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Records for Non-USDA Species Medical Care

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You may maintain animal records in three different formats:

Records must be readily available and accessible when veterinary staff or inspection personnel request to see them.

When making an entry into a medical record:

Rodents, birds, amphibians, fish, or reptiles that receive the same treatment as a group (e.g., same surgery with the same anesthetic regimen, identical experimental compounds administered) may have a colony record instead of an individual record for each animal.

Health records requirements:

Anesthesia records requirements

When performing anesthesia for non-surgical or surgical procedures, you must fill out the anesthesia monitoring record and add it the animal/colony records. For rodent surgeries, most labs will use a combined anesthesia/surgery record.

Include the following in your anesthesia records:

Rodent Anesthesia Monitoring

Other possible parameters to monitor during surgery:

After an anesthetic event, monitor the animal until fully recovered, i.e., until the animal can normally ambulate around the cage.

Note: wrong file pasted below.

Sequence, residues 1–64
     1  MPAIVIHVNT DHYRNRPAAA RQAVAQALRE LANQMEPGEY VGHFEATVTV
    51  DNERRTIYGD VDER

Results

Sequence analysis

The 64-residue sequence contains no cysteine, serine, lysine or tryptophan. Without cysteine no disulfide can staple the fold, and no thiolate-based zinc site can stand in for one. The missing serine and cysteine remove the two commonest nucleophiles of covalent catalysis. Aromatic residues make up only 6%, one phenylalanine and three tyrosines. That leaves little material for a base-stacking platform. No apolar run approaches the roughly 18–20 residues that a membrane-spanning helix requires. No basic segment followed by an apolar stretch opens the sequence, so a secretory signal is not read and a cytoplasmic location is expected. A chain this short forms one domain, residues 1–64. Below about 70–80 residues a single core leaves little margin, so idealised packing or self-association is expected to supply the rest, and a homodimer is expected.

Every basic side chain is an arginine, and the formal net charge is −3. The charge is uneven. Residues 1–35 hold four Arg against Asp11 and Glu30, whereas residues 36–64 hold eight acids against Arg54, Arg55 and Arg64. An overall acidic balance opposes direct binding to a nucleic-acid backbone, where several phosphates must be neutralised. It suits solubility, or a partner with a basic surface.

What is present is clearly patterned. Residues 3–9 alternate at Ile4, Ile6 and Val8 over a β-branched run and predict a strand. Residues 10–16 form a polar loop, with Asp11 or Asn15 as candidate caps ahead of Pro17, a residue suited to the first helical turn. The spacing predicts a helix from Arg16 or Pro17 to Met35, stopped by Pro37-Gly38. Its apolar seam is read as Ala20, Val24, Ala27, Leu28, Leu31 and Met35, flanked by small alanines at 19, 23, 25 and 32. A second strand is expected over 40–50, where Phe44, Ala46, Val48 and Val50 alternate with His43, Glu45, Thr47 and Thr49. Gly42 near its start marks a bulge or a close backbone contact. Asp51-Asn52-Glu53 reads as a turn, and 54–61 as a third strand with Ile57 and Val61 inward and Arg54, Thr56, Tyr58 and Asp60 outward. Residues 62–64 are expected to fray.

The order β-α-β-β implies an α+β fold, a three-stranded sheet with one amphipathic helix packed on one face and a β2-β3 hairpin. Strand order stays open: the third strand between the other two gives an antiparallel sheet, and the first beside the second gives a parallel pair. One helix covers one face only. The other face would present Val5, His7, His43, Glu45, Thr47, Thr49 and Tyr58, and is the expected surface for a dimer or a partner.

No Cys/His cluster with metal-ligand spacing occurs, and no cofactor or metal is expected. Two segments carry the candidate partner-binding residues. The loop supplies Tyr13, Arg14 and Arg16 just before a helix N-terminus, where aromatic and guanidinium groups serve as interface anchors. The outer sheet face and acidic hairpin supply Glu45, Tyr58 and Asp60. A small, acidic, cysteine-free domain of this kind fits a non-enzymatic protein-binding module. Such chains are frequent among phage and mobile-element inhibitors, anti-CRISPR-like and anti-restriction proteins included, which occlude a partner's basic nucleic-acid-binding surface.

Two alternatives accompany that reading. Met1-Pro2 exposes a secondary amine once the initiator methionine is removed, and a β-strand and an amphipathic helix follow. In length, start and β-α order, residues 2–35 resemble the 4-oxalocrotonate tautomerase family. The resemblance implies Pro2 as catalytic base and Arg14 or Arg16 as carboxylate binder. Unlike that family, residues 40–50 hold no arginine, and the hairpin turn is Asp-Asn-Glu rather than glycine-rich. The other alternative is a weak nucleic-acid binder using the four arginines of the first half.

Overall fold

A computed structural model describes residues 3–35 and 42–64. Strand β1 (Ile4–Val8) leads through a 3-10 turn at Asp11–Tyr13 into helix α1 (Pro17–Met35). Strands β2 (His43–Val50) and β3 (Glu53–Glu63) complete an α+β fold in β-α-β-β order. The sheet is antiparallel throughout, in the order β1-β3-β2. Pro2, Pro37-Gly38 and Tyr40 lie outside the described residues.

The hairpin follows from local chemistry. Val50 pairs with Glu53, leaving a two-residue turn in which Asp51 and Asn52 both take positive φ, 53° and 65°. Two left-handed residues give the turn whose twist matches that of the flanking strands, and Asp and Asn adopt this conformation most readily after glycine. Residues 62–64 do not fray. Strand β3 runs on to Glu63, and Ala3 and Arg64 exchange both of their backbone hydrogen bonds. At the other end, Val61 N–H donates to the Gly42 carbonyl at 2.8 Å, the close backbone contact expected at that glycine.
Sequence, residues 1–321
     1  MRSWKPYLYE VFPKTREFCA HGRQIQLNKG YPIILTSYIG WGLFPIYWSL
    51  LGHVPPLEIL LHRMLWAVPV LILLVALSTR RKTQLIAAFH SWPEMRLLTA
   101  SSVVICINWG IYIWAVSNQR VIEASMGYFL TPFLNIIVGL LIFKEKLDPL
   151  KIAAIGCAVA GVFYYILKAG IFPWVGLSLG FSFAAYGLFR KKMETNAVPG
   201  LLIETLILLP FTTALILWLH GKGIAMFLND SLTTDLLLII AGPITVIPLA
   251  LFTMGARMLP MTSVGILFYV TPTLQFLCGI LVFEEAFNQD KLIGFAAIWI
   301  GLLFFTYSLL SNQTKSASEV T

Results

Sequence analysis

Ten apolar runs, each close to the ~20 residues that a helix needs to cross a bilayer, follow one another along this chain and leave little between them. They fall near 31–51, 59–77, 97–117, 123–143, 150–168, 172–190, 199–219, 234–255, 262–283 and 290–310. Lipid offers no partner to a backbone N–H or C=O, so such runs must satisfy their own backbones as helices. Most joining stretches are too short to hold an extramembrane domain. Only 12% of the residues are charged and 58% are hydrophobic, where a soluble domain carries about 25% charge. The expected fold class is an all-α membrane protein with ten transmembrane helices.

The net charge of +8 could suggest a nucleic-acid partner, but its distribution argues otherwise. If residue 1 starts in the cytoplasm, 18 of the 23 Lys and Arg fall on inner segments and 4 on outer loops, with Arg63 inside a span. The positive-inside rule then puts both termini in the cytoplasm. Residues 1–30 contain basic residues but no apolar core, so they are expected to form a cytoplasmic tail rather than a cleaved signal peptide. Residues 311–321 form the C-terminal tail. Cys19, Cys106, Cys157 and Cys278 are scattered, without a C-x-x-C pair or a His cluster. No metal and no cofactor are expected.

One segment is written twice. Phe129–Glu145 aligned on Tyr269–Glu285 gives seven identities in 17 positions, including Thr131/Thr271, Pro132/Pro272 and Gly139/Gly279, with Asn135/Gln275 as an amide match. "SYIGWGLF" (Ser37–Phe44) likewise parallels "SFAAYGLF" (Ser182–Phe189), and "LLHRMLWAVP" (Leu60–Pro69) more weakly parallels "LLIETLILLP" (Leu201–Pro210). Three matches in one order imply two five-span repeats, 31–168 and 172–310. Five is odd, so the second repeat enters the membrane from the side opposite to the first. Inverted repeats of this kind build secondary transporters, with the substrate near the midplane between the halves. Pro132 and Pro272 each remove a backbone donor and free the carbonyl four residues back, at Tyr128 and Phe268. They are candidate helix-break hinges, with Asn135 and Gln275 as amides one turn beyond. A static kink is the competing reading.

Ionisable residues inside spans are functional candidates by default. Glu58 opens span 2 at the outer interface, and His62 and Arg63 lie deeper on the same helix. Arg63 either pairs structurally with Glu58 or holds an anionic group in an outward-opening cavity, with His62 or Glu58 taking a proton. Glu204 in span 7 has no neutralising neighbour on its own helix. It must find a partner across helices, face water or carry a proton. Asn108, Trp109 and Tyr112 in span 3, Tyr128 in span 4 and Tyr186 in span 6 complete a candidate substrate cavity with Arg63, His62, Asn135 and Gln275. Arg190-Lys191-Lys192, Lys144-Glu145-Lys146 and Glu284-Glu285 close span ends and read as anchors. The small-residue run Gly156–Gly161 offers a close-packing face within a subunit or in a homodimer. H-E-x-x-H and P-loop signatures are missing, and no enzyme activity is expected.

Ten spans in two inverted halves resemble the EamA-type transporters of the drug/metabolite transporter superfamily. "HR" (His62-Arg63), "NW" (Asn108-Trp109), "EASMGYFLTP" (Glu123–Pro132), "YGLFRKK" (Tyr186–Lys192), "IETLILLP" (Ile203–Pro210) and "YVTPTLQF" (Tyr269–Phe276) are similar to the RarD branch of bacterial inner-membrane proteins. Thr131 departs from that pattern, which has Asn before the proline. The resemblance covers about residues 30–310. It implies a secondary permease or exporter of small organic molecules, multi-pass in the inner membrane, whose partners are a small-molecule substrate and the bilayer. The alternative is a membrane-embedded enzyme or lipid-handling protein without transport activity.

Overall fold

Note: Animals get cold under anesthesia; using a heating pad/lamp* during surgery and/or after surgery can help recovery. Remember that if you mention use of a heating device in the protocol you must use one.

* Always keep a barrier between the animal and the heating pad. This may be a towel or the cage. Provide a heated area and unheated area in the recovery cage. Only use heat lamps with bulbs designed for animal heat support.

Medical Records Retention

At UW-Madison, we maintain animal medical records for three years after the death or disposition of the animal.

 

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